10 Style Tips for Your High School Formal

You don’t want to be looking back on the photos of you high school formal in ten years time and wonder to yourself, ‘what the hell was I thinking?’, do you? Fortunately, if you follow these 10 style tips, you’ll probably think to yourself, ‘damn, I looked good’, and wonder if you can find the names of some of the girls that were hanging around you all night.

1. Think formal, not fancy dress – I cannot stress this enough, you don’t want to be the guy who shows up to the formal in a top hat and a bright red suit. Pastel colours have their place, but not in a formal suit. Think black tie, or a three-piece suit and tie; if you aren’t sure what is appropriate, ask one of the event organisers.

2. Get a haircut at 1 week before – This is good advice for any event; getting your haircut the week before gives you time to get used to it, and that means you will be less likely to mess it up on the big night. As for hair product: less is more.

3. Don’t be matchy-matchy with your date – don’t try to match the colours of your outfit with those of your date; instead, wear a pocket square or boutonniere that compliments her colours.

4. Shine your shoes – Sometimes the simplest things can have the biggest impact; it is not possible to overstate the value of a pair of well shined shoes.

5. Tie your own damn tie – Oscar Wilde once wrote “A well-tied tie is the first serious step in life”. Clip on ties are for children and waiters, you are neither; and don’t even think of asking you mother to tie it for you.

6. Steam and press your clothes – just like shining your shoes, having clean and crisp clothes is one of those little things that makes a massive difference, especially with formal wear.

7. Don’t rent – the option to rent your formal wear can be tempting, but I urge you to reconsider. Rented suits will never fit as well as as an off the rack suit tailored to you, and may even cost you more. At around $150 – $200 to rent a suit for the evening, you are better off heading in to Target and buying a suit (~$150 for a wool/poly blend charcoal suit); at least then you will have a suit when you need it (until you grow out of it).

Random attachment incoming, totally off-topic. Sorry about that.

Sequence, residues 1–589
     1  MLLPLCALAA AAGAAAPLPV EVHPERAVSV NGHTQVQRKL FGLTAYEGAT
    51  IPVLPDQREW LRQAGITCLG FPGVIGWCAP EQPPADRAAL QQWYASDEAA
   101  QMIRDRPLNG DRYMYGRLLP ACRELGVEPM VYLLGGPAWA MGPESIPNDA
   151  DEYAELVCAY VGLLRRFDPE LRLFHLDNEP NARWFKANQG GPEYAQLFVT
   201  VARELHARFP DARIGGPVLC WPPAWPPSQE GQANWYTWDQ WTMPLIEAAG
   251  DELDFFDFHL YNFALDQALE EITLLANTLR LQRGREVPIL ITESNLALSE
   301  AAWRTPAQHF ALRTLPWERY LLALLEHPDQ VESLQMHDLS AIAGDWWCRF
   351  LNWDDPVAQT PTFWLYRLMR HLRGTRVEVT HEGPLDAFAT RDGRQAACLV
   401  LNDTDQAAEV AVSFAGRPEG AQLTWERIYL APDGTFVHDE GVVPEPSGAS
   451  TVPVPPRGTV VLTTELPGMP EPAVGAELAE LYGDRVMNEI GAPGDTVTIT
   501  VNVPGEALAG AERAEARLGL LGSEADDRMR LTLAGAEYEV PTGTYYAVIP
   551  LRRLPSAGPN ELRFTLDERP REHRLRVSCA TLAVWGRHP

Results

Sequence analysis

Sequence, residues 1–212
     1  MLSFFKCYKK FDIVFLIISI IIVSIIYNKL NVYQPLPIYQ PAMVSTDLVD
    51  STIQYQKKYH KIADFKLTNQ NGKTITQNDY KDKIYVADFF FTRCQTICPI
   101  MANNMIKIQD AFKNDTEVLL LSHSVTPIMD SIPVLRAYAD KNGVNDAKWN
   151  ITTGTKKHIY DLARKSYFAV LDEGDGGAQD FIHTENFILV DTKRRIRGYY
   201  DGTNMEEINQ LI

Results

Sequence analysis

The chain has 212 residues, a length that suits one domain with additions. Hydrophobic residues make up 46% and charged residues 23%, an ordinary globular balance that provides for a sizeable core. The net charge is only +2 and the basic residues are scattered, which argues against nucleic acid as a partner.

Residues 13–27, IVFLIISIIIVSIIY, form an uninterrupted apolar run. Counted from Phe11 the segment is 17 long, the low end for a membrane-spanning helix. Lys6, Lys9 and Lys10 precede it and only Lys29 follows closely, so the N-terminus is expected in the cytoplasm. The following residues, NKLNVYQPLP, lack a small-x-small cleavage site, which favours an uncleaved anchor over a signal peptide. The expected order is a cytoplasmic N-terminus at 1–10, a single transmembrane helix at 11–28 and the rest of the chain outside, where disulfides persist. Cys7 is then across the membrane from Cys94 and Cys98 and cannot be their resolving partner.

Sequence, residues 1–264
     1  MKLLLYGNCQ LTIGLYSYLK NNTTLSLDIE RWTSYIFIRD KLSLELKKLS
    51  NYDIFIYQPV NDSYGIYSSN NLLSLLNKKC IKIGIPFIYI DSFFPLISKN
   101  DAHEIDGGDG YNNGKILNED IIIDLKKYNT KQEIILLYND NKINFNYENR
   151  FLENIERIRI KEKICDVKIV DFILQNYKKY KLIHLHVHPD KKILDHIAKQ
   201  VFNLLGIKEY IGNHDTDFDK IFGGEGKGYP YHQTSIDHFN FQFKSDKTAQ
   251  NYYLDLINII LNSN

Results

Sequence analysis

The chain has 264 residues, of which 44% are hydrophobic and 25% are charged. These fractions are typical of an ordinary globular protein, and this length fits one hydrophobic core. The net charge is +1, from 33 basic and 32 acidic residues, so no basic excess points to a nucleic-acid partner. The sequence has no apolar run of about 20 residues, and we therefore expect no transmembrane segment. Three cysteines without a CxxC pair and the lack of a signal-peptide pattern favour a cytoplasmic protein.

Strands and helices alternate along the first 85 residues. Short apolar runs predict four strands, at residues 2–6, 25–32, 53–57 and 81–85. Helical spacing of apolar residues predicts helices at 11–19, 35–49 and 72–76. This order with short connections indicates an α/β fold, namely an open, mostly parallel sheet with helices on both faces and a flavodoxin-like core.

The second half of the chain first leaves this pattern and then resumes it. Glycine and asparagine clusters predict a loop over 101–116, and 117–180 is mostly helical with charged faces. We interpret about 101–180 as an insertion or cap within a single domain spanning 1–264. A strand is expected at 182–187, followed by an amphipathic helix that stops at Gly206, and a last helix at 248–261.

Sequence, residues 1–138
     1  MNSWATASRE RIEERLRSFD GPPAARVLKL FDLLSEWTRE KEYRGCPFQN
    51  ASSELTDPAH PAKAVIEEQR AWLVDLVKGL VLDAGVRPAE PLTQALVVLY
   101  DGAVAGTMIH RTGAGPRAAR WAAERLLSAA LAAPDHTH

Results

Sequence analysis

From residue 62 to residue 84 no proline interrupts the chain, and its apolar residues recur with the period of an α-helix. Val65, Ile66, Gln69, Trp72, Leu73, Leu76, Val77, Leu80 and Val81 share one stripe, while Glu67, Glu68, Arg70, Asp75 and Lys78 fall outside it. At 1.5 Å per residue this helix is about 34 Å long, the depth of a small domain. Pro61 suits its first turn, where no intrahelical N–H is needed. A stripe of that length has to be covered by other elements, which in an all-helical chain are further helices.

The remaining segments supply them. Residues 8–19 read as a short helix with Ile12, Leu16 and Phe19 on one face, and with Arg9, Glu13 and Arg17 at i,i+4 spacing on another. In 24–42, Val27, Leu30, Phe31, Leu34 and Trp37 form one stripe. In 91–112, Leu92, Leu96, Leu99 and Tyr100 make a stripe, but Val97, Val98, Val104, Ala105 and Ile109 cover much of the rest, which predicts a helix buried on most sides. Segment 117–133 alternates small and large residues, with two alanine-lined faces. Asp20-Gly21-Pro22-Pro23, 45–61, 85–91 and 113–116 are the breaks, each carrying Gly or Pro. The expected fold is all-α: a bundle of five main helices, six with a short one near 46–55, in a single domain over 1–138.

8. Tailor your suit – It’s well worth paying a little extra to have your suit tailored; it will look exponentially better. The three main alterations are the sleeves (showing about 1/4 – 1/2 inch of shirt cuff), the waist (slimmed, but not tight and pulling), and the trouser length (covering the shoe, but not bunching). It will probably cost between $40-$80 to get it done (depending on who you ask), but it is worth it.

9.Don’t use body spray – this is one of the ones that applies to life in general; body spray in general is overpowering, and most of it smells awful. Instead, go with a roll-on antiperspirant, and a spritz of cologne. If you need help choosing a fragrance (and you probably will), go to a store that specialises in fragrances (or a department store with a fragrance section), and ask for help; the people who have to stand next to you will thank you.

10. Have fun – this night is meant to be fun, so enjoy it. It is one of the rare occasions that you will be able to socialise with all your classmates (and some of your teachers) outside of a school environment, so make the most of it, and enjoy yourself; and make sure to get lots of photos.


Matching Your Shirt & Tie

Solid on Solid

A solid tie on a solid shirt is the easiest to match, you just have to understand a bit about colour. The best options are to choose a tie that complements the colour of the shirt, or one that is in the same colour family (analogous colours) as the shirt. Let me explain.

Colour Wheel
Complementary Colours

Complementary colours are ones that are opposite each other on the colour wheel, i.e Red/Blue, Violet/Yellow, Green/Pink-Mauve.

Complementary Colour Shirts

Analogous Colours and Shades

Analogous colours are the ones that are side by side on the colour wheel, i.e, a blue shirt with a dark green tie, or a violet shirt with a dark blue tie. You can also pair a light colour shirt with a darker version of that colour (light blue shirt with navy tie); using these combinations isn’t as eye-catching as complementary colours, but can provide a more subtly sophisticated look..

Analogous Colours

Solid on Pattern